TIC strongly urges that the question of prejudice is not relevant in the claim at bar, relying upon New York’s adherence to the no-prejudice rule that remains in less than a handful of jurisdictions (see e.g. Security Mut. Ins. Co. v Acker-Fitzsimons Corp., 31 NY2d 436, but query whether this rule has been ameliorated in Matter of Brandon (Nationwide Mut. Ins. Co.), 97 NY2d 491, 497-498). Can not an analogy be made between Brandon, supra, where the Court of Appeals declined to extend the “no-prejudice” rule (“because [the insurer] depends on notices of legal action to awaken it in SUM matters where the notices of claim do not at first get its attention”), and the instant matter, where notification to Continental Casualty Company, utilizing the owner’s protective liability policy #1080107778, was provided by mail to CNA dated July 23, 1999 (Exhibit K to the motion)? This analogy may strengthen, as an outside claims specialist for CNA Commercial Insurance, one Thomas D. Schindler, in a document contained within the Workers’ Compensation records provided by TIC (Exhibit C-17 to the cross-motion) on July 27, 1999, immediately anticipated that a putative Labor Law claim under §240 was possible and an investigation at that time was initiated, including witness interviews, inspection and photographing of the accident scene.

Argo Corp. v Greater N.Y. Mut. Ins. Co. (4 NY3d 332) is not to the contrary as there the insurer was not notified of the suit until 14 months after service of the complaint, until six months after service of the default motion, until more than three months after default was entered and until almost three months after service of the note of issue, but there was a summons and complaint, the clear initiation of a lawsuit. We do not have the same clarity here. Moreover, the court noted that “Brandon did not abrogate the no-prejudice rule and should not be extended to cases where the carrier received unreasonably late notice of a claim. The facts here, where no notice of claim was filed and the first notice filed was a notice of lawsuit, are distinguishable from Brandon where a timely notice of claim was filed, followed by a late notice of lawsuit, and distinguishable from Rekemeyer, where an insured gave timely notice of the accident, but late notice of a SUM claim” (Argo Corp. v Greater N.Y. Mut. Ins. Co., 4 NY3d 332, 339-340, supra).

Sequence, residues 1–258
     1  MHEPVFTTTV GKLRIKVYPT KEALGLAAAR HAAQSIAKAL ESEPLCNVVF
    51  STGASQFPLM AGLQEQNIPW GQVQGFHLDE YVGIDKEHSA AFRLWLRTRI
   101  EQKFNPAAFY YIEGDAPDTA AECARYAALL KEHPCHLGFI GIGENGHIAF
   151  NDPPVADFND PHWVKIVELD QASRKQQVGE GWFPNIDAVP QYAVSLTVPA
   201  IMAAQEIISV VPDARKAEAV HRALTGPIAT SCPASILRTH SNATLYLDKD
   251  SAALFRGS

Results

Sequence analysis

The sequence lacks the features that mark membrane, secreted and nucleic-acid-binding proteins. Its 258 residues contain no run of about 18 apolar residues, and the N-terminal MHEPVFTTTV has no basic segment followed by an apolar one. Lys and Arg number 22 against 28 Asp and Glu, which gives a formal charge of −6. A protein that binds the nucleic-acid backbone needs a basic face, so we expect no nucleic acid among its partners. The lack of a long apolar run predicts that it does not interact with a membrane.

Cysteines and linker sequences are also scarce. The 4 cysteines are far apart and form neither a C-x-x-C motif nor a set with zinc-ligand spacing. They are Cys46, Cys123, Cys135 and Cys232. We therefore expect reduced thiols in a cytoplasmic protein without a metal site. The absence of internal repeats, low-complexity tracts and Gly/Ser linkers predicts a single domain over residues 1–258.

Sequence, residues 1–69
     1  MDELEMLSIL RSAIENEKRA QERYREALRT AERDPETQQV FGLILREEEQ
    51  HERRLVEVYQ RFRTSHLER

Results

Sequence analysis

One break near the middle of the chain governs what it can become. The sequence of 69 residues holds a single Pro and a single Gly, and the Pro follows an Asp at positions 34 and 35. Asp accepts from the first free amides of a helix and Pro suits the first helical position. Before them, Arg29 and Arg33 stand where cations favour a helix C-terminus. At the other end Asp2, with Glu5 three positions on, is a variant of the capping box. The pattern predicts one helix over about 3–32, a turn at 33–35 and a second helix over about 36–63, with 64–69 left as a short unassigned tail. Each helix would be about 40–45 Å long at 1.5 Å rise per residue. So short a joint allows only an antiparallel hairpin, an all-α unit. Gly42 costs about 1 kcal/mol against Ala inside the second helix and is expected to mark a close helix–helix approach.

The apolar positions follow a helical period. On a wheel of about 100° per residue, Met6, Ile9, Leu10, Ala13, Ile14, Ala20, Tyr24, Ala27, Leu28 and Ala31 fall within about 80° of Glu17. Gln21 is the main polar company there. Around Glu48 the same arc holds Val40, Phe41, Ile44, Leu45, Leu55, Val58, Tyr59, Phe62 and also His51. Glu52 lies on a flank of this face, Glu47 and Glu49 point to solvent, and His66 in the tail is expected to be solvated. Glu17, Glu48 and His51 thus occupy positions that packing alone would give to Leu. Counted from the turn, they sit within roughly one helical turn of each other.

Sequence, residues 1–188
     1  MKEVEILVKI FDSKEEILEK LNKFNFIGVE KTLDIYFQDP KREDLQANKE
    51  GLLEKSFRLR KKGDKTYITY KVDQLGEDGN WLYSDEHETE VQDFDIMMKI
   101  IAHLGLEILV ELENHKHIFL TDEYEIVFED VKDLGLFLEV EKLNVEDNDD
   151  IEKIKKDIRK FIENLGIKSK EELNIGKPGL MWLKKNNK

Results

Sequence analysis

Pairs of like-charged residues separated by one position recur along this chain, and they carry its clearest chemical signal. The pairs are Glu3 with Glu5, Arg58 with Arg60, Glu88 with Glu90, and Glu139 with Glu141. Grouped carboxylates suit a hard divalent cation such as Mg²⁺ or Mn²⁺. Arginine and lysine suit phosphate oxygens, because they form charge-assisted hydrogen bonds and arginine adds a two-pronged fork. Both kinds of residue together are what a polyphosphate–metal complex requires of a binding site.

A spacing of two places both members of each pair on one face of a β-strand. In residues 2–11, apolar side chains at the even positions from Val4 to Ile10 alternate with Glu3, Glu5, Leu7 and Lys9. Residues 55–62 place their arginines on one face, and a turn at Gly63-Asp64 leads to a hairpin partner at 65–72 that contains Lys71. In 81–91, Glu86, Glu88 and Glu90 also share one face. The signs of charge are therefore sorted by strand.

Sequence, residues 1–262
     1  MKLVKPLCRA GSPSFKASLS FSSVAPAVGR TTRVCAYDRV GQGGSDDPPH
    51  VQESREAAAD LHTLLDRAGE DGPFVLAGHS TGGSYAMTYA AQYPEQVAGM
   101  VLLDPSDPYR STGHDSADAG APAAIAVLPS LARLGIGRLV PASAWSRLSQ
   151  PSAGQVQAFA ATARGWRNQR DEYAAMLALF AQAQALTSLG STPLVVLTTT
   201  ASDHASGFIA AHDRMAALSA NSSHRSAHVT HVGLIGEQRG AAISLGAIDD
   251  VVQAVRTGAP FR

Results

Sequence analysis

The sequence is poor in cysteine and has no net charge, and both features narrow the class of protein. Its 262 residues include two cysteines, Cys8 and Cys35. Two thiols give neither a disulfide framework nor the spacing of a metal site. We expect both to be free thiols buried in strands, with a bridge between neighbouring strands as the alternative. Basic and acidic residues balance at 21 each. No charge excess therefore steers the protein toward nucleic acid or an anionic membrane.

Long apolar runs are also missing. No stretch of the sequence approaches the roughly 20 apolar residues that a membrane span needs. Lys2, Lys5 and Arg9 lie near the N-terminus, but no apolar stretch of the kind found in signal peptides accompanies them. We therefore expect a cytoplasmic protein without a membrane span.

I reject TIC’s invitation to hold that the mere fact that the State made excuses or explained the reasons for the period of nearly five months before it forwarded the NI, and the fact that it did forward the NI, in and of themselves, constitute an acknowledgment or admission of the State’s contractual obligations. Even were I to deem an NI to be a legal paper received in connection with a claim or suit, I am not prepared to declare as a matter of law that the nearly five-month delay vitiates the “as soon as practicable” provision of the insurance contract or that the period in and of itself is unreasonable. Certainly, as TIC has exhaustively researched and provided to the Court, there is a range of periods of time that have been held to be unreasonable as a matter of law, as short as ten days, but ranging beyond the nearly five months here to 14 months. I realize, of course, that the courts rule upon the periods of delay as they appear ad hoc in each litigated case. But the Court of Appeals has not delineated a set of objective standards or rigid time measurements that as a matter of law I am obligated to follow. Rather, I must apply the circumstances at hand to the existing case law, and frankly make a subjective assessment. One might look at the terminology that says “as soon as practicable” and say that one day after service of a NI is practicable enough. Of course, first there must be a determination if indeed there was a State project, whether there was any insurance coverage, and numerous other factors preceding any sort of notification to the insurer. Where the current circumstances fall on a continuum is subjective.